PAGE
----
Consumers Borrowed More on Credit Cards in March

by Mercator Advisory Group 0

The much watched Federal Reserve G19 statistic on consumer borrowing finally turned positive for March in its revolving credit measure (primarily credit cards), which grew at an estimated 2.9 percent rate in March, compared with a -3.9 percent rate in February.

The Federal Reserve said Friday that consumers increased their total borrowing by $6 billion in March, the sixth consecutive monthly gain. Consumers borrowed more to finance car loans for the eighth straight month. And a category of borrowing that includes credit card use rose for only the second time since August 2008.

More frequent credit card purchases could be a sign that consumers are feeling more confident about the economy.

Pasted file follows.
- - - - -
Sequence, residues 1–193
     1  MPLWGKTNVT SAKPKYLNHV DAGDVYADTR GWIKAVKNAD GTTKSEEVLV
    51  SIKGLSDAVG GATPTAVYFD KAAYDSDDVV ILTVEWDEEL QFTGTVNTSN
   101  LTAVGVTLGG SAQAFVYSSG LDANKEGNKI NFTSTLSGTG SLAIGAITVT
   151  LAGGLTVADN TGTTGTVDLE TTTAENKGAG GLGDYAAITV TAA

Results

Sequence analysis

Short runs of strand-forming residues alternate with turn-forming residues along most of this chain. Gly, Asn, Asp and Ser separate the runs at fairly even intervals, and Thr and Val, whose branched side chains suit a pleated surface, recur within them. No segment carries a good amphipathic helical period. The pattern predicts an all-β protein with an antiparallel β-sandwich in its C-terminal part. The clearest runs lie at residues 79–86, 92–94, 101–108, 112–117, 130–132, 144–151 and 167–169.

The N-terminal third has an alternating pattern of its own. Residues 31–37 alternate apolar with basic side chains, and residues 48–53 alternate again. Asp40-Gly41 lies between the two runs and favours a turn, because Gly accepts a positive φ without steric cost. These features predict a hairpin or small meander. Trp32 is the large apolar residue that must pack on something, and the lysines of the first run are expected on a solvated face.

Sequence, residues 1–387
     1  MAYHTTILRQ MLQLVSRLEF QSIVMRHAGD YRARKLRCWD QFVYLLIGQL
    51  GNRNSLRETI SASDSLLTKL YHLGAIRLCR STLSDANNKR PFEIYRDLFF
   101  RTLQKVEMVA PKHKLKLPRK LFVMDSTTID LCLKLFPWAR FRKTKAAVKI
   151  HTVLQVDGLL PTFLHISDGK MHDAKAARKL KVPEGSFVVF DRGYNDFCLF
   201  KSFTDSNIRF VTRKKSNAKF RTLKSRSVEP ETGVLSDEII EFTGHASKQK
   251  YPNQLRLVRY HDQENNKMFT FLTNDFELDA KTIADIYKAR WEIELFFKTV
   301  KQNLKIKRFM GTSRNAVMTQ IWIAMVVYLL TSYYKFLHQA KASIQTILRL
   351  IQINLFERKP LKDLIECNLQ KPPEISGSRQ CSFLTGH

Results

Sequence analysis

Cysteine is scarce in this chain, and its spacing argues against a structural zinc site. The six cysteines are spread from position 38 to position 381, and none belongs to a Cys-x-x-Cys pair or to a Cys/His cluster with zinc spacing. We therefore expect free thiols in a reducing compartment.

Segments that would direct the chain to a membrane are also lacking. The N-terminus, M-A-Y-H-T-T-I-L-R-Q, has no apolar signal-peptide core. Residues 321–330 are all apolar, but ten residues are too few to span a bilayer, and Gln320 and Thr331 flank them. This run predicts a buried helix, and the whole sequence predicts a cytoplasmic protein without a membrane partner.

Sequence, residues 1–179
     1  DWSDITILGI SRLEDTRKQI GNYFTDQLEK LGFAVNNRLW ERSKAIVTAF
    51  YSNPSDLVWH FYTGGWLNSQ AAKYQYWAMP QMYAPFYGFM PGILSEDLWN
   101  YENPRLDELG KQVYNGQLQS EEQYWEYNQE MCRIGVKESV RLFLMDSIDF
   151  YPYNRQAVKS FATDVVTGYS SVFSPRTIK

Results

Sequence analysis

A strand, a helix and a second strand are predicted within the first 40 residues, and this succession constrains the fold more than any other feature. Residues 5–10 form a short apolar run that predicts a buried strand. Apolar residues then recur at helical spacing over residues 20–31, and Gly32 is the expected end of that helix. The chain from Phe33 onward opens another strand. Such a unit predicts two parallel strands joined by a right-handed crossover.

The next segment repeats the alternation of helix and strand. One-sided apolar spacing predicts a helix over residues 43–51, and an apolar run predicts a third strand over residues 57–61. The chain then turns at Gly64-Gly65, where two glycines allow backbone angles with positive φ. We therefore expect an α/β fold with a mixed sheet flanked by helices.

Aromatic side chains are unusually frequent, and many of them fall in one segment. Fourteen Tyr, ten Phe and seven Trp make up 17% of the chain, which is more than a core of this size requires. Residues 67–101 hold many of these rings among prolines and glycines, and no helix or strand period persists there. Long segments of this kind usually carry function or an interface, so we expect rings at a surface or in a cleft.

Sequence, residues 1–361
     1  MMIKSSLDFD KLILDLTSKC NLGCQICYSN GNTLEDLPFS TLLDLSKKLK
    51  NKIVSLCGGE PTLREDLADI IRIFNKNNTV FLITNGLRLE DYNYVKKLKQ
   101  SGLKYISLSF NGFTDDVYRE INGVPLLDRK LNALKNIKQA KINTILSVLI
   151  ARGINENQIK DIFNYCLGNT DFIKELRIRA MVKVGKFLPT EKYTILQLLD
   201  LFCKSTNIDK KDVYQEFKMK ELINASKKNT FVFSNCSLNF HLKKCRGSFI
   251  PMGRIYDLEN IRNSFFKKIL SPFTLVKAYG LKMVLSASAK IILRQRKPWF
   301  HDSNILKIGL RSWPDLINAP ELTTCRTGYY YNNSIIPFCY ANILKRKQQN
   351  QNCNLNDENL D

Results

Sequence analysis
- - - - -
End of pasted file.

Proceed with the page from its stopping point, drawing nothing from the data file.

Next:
The 3 percent overall increase pushed consumer borrowing to a seasonally adjusted annual level of $2.43 trillion, still just 1.3 percent higher level than a nearly four-year low of $2.39 trillion hit in September.

Unfortunately, one month does not make a trend. Q1/2011 still averaged out at a -2.3 percent rate on a preliminary basis, despite the positive March reading. This indicator had previously turned positive for the month of December 2010, before again turning negative in January 2011.

As noted in the excerpt above, consumers’ installment borrowing (largely for autos) has been positive and strong for some time, although the March 2011 reading (3 percent annualized growth) was less than half the growth rate of January and February. This suggests that economic and inflationary concerns such as gas prices might be weighing on consumer willingness to borrow for major purchases.

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